The dash air conditioning in our motorhome was broken and I saw there was a leak from the fitting going into the compressor. Everyone I called to fix it wanted to remove the 40 foot lines from the RV and take them to a shop to install the new fittings. This would have cost $400-500 dollars so I decided to fix the connector myself with the mastercool hyrda-krimp a/c crimping tool.
I needed to upgrade to the $300 dollar crimping tool because I wanted to do the work in the engine bay and not at a vise, but the cheaper ones work just as well.
The RV is still in the shop (long story) and the trailer is still being built, so I’m sort of in between projects. I worked on this Onan Marquis 7000 generator for a little extra money and thought it might be interesting to some of you.
Note: This is NOT the generator from our RV. This is from a stage trailer that my church bought.
When I got the generator it wasn’t running. Once I got it running it wouldn’t produce any power. It turned out the carbs were all gunked up, the voltage regulator was bad, and the brushes needed cleaning.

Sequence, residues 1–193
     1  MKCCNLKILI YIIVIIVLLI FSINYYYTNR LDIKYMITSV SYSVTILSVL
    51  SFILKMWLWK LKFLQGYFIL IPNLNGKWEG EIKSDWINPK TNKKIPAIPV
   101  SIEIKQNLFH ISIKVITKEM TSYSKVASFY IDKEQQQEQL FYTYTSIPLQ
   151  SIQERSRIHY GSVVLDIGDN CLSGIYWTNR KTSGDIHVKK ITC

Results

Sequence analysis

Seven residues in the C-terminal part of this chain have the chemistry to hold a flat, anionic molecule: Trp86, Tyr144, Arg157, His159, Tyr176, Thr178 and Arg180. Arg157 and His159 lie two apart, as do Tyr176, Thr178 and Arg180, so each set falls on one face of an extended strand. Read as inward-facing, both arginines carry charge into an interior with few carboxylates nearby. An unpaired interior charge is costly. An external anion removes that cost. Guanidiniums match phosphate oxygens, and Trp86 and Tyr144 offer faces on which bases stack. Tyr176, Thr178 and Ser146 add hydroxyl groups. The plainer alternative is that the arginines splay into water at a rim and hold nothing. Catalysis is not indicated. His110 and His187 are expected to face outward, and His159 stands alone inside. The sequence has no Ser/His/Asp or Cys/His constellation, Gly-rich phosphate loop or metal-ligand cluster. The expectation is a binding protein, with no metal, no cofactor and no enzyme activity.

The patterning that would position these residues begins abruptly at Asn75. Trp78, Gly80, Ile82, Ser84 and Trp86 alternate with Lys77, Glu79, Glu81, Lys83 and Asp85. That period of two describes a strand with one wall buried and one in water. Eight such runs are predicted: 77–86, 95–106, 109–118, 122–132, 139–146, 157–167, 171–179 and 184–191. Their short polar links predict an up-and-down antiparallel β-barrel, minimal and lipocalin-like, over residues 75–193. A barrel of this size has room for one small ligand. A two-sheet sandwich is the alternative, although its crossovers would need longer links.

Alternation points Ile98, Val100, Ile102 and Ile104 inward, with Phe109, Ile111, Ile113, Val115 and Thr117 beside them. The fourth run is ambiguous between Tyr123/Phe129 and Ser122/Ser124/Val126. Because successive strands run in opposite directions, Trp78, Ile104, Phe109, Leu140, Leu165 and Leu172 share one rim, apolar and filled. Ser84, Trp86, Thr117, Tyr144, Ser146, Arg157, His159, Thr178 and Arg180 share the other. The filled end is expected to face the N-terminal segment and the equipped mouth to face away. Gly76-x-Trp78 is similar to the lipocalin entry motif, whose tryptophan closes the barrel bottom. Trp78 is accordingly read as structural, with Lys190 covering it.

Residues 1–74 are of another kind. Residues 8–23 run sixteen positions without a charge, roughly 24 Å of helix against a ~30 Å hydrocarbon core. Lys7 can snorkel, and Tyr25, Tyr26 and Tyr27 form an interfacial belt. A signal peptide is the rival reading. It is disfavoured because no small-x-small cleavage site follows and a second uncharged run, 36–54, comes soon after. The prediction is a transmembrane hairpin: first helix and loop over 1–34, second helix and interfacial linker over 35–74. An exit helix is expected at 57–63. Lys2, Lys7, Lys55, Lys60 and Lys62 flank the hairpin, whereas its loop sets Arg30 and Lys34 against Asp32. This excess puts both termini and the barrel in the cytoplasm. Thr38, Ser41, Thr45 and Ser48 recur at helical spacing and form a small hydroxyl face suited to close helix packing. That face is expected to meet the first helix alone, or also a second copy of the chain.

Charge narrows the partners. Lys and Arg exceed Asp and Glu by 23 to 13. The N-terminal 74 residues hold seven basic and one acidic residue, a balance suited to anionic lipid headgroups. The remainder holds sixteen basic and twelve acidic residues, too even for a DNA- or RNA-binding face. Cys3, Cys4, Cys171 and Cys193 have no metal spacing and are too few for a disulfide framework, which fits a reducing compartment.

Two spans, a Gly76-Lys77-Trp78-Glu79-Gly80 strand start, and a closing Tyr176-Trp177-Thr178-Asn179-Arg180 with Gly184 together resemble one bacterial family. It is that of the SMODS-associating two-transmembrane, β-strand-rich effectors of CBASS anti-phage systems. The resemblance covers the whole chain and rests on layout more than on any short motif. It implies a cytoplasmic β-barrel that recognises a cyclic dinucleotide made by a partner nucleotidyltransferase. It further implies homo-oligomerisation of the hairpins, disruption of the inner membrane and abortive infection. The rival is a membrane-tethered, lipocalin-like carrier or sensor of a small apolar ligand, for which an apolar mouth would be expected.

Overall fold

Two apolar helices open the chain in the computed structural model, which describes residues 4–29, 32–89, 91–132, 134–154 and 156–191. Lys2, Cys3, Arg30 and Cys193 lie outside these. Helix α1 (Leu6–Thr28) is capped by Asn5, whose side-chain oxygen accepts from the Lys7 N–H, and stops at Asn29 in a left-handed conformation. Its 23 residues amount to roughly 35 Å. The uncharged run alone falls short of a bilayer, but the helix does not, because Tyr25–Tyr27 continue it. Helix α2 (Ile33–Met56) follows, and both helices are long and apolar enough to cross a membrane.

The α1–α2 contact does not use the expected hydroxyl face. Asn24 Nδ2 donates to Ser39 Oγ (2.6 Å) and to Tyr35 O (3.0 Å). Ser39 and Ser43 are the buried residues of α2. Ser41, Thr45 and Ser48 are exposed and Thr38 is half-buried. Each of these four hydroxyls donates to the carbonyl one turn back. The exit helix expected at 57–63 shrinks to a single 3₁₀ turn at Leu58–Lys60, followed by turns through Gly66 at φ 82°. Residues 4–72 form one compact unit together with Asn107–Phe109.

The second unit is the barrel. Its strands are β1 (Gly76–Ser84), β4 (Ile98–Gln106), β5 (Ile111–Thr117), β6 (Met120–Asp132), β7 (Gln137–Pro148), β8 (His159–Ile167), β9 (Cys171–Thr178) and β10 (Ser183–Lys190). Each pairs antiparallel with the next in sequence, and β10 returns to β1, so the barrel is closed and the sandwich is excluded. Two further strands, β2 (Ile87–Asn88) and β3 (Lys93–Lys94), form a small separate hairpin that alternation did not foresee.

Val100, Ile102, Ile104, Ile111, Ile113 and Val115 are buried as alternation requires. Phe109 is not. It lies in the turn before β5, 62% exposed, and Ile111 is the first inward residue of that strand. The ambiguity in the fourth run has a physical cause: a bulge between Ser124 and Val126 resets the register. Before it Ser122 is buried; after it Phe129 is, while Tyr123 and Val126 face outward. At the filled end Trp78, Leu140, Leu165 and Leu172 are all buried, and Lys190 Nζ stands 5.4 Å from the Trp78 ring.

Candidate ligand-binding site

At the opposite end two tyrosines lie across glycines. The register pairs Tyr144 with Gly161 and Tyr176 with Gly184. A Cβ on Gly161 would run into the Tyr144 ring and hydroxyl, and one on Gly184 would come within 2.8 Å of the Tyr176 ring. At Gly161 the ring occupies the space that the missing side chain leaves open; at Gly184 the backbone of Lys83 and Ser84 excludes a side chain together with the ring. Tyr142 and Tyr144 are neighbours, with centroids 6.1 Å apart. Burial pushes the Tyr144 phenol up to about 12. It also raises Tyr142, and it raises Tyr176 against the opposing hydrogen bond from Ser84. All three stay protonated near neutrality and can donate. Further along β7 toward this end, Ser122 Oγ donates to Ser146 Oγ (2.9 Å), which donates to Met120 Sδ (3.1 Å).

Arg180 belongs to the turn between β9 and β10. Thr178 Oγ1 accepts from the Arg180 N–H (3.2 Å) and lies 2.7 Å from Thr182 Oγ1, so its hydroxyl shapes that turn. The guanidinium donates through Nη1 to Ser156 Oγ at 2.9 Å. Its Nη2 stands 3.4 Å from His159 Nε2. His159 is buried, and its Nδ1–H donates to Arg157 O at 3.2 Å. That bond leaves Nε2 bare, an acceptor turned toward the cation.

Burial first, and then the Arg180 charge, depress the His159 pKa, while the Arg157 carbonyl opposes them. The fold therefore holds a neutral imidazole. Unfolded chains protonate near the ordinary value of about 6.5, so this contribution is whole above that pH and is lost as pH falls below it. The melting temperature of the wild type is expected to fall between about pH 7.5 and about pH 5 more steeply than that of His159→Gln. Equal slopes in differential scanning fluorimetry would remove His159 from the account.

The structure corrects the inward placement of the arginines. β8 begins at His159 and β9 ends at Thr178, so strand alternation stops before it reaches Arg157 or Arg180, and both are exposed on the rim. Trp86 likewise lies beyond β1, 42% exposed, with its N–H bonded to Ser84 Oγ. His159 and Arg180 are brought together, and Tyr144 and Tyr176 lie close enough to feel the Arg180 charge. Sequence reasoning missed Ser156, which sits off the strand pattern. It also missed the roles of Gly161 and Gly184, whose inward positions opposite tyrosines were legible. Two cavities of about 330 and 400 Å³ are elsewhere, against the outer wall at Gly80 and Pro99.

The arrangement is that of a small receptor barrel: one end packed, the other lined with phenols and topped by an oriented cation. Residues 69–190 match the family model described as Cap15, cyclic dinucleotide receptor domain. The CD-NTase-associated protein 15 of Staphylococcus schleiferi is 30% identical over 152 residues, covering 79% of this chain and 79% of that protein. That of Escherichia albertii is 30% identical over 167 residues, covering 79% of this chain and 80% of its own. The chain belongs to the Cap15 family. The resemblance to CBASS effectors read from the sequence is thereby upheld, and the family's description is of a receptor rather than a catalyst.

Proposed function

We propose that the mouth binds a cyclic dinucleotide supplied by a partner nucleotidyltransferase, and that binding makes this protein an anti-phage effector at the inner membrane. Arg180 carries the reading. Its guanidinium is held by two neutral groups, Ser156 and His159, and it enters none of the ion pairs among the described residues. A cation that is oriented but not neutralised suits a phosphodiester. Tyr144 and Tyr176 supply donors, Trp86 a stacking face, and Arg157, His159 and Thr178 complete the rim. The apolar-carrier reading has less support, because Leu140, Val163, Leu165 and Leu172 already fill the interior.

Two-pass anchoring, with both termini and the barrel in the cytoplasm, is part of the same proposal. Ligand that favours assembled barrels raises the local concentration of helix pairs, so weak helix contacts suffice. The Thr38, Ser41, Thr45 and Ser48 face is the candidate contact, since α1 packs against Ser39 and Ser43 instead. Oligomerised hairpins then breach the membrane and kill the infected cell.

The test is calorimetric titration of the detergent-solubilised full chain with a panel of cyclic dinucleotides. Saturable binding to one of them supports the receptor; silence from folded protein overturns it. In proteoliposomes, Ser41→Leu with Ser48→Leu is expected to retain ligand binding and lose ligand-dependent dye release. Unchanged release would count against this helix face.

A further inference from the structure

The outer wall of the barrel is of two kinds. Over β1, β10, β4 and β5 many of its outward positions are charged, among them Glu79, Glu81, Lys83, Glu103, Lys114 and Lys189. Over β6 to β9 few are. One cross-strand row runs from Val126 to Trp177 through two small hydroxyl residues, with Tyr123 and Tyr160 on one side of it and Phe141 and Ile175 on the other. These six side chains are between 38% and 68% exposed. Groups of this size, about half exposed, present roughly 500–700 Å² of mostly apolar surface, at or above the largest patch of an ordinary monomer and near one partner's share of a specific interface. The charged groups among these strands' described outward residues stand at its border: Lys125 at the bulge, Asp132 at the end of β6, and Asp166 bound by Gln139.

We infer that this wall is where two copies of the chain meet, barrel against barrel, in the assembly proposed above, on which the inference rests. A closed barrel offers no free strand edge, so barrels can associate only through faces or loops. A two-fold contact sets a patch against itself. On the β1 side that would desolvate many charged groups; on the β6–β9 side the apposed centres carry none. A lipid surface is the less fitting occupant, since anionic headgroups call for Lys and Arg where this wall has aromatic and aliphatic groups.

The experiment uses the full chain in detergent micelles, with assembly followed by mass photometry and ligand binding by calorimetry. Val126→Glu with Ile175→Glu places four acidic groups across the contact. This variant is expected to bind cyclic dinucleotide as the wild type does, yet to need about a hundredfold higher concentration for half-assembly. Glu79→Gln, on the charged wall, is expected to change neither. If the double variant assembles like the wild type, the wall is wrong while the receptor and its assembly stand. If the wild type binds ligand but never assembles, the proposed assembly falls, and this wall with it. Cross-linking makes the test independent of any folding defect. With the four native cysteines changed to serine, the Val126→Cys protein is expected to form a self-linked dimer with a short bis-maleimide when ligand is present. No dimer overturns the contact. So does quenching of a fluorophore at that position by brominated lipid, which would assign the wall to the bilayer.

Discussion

I’ve been avoiding the rotten floor around our RV refrigerator for weeks. I didn’t want to know what was going to be underneath the tile… I finally finished the project and we’re very pleased with the results.
Sorry for the shaky video, I forgot my tripod on the first day.
Before we take our ’99 Monaco Dynasty on the road, I decided to perform a full maintenance service. I quickly learned there was more involved than I first thought. Over $1000 dollars in fluids/ filters and 2 weeks of research led me to this…
By the end of the weekend I changed the oil, air, and fuel filter in our Onan 7500 generator. Changed the fluid and filters in the hydraulic system, and replaced the fuel filters and diesel engine oil.
Which DIY skills are the easiest to learn? Which projects save you the most money? In this video we find the overlap between the highest paid trades and DIY projects that have the lowest barrier of entry.
We spent 4th of July on the beach so there wasn’t enough time to complete a project in the shop. We thought instead of no video, we’d share our afternoon together working on the Mercedes A/C system.
I bought the kit to convert the ACCII climate control to electronic on eBay for $250 bucks. Unfortunately, it was missing a part, so we couldn’t getting working for you in this video. We’ll post a short update whenever it’s fully functional.